Hauser is rather an uncharismatic leading man. He’s meant to be this exciting movie star on the scene, who then turns to rage-filled vengeance, but he’s pretty bland and ends up being a B-grade Michael Douglas. Farina, who is typically very fun to watch, just goes through the motions and doesn’t offer anything with his detective role. Tunney, is just along for the thankless ride as the wife.
There’s some very clunky dialogue and things gradually build to some very ridiculous and illogical heights, Paparazzi almost becomes entertaining to watch for all the wrong reasons.
Naturally, Sizemore and his paparazzi pals couldn’t just be regular annoying photographers who are nuisances and leech money from their photos any way they can. No, the movie has to make them be really BAD guys who have these epically long wrap sheets and dark criminal pasts. This is to make us root for Laramie even more and that the unholy payback that will rain down on them is more a fitting end for this wretched crew.
There are some very eye-rolling moments. Movie star Laramie – who’s supposedly on the cover of every magazine across the country – is nonchalantly tailing the paparzzi on the streets of L.A. No, no one notices him. While police detective Dennis Farina is investigating the death of one of the paparazzi he finds a pen with Laramie’s name on it at the scene. It’s a tiny bit more subtle than had Laramie left his business card in the dead man’s hand.
You know Laramie is wising up when he learns this paparazzi gang can listen in on his cell phone calls, so he begins using a disposable one as he goes about his counterattack. We know it’s a disposable phone because it has a big sticker on it that reads ‘Disposable Phone’. It’s these kind of silly touches that give the movie a bit of unintentional humor.
This might have been an entertaining schlocky fun B-movie with some biting Hollywood satire sprinkled over it with clever jokes and observations about celebrity. At best Paparazzi is a listless time-waster. It follows the trusted ‘stalker/revenge’ movie template, but it doesn’t have any style of its own. The whole film is shot in a very mundane way and there’s no buildup or suspense in what is meant to be a thriller.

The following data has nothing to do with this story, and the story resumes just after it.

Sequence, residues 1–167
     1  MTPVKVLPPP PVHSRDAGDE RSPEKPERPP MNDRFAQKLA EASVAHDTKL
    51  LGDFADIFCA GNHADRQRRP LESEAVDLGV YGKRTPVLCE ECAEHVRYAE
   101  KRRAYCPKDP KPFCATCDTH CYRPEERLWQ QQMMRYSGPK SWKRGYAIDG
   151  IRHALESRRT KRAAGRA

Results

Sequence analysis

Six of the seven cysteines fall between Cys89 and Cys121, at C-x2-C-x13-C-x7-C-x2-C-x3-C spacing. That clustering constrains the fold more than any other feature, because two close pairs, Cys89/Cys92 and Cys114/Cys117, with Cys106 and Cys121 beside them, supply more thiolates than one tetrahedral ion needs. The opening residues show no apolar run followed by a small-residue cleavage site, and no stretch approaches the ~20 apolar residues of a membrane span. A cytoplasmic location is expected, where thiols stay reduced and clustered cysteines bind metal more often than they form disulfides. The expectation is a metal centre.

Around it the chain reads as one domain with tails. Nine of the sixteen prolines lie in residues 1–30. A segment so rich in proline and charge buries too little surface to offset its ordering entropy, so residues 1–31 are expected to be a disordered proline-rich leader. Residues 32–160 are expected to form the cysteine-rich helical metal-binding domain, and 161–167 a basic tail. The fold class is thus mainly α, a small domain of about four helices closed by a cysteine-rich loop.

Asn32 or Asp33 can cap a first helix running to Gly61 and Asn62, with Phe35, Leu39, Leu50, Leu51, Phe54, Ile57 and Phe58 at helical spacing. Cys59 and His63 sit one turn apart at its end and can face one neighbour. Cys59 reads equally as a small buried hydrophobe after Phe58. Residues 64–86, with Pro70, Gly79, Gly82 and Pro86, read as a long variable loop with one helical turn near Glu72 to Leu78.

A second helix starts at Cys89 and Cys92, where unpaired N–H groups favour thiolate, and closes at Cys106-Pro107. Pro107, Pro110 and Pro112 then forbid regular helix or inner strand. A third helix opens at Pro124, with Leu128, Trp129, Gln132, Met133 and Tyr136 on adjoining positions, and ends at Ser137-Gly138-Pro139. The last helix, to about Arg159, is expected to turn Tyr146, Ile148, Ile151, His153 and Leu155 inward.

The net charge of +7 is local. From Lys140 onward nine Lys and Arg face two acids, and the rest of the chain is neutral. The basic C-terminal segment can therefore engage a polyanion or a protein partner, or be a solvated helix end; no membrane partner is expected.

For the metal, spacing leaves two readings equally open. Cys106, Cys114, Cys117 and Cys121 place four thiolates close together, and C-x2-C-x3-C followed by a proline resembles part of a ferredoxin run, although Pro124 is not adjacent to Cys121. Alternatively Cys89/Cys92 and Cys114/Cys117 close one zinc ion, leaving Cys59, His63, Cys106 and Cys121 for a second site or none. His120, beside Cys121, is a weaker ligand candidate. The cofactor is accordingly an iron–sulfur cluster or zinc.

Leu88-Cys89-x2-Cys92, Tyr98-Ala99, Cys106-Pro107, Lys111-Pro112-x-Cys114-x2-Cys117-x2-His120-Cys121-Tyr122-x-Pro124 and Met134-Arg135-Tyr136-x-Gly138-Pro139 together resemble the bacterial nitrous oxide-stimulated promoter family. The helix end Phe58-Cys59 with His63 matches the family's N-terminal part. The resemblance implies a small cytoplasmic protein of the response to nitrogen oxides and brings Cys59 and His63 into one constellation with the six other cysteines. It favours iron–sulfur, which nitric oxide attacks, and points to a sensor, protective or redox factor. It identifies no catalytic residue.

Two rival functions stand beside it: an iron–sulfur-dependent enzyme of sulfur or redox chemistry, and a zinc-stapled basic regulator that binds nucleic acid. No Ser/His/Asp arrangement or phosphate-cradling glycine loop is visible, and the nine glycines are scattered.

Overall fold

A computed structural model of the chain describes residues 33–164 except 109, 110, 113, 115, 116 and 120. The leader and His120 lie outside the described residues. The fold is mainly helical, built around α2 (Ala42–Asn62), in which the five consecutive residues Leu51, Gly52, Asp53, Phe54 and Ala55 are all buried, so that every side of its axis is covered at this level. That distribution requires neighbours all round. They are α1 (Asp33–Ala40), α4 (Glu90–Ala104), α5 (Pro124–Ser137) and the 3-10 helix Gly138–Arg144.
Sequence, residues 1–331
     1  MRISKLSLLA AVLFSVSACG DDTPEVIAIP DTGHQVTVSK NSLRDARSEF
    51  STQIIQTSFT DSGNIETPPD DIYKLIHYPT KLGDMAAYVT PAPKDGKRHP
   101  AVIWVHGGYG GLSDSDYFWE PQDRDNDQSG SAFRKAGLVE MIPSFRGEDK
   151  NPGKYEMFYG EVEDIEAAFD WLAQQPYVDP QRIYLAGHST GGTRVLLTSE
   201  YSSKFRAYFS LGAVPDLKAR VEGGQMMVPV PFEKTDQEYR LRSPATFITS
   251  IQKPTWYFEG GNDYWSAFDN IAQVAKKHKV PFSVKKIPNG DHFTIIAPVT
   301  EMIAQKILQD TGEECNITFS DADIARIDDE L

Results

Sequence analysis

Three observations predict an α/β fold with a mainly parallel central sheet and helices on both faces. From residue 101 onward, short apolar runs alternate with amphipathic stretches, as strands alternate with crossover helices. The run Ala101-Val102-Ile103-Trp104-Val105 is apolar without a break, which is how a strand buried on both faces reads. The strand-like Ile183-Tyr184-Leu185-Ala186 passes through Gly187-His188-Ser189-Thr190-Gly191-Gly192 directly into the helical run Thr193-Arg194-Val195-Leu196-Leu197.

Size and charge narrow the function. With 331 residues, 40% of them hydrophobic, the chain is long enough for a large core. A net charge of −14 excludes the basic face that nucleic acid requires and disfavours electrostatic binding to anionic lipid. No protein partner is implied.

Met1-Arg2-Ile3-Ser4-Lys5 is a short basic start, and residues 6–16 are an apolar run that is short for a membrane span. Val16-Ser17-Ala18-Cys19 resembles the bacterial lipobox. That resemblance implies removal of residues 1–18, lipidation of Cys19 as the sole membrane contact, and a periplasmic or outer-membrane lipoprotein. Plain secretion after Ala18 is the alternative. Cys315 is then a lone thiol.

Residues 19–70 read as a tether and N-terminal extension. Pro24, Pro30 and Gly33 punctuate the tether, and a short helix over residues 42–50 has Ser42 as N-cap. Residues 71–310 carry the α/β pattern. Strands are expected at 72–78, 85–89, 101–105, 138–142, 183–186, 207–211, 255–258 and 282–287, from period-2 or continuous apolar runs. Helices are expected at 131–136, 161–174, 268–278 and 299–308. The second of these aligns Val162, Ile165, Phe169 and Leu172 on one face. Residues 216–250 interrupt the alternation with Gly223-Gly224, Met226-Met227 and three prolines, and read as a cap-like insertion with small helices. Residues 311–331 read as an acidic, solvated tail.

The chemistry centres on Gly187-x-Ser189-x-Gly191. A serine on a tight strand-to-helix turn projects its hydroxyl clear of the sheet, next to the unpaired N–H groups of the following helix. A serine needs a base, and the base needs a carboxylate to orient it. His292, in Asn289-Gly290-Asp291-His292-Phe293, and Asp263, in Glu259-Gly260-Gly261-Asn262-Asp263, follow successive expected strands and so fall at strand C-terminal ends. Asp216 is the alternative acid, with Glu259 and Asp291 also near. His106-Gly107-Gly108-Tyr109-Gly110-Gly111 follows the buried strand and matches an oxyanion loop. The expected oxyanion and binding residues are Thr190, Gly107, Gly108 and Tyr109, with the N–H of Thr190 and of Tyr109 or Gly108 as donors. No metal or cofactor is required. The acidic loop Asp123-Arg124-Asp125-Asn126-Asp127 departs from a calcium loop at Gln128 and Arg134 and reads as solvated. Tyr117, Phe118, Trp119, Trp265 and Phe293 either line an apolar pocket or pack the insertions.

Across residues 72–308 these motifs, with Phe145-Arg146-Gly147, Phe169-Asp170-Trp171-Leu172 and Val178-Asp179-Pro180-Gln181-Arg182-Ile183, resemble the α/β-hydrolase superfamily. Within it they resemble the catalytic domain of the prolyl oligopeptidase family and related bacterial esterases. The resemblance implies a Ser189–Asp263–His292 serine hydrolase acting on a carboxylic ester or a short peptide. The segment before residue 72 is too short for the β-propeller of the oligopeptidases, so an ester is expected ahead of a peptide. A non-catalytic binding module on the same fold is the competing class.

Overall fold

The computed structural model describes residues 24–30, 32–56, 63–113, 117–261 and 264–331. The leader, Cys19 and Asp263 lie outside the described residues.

Had I been told this was a direct-to-video movie I would have believed it. But it wasn’t, Paparazzi actually had a theatrical release in 2004 and flopped at the box office.
Mel Gibson produced Paparazzi, and I’ve read the idea for the movie came about when he and his celebrity pals were trading stories about their experiences with paparazzi. I’ll be their stories must of been more entertaining than what ended up onscreen. Gibson must’ve called in some favors to get Chris Rock, Vince Vaughn, Matthew McConaughey to do cameos. He even pops up in the movie.
Check it out if you want, but know what you’ll be getting. A low-rent variation of the ‘Death Wish theme’, this time instead of muggers it’s photojournalists that are the scum who need to be dealt with. There’s no originality to it and even setting it in the world of glitzy Hollywood doesn’t give it a compelling unique spin. It’s pretty forgettable nonsense.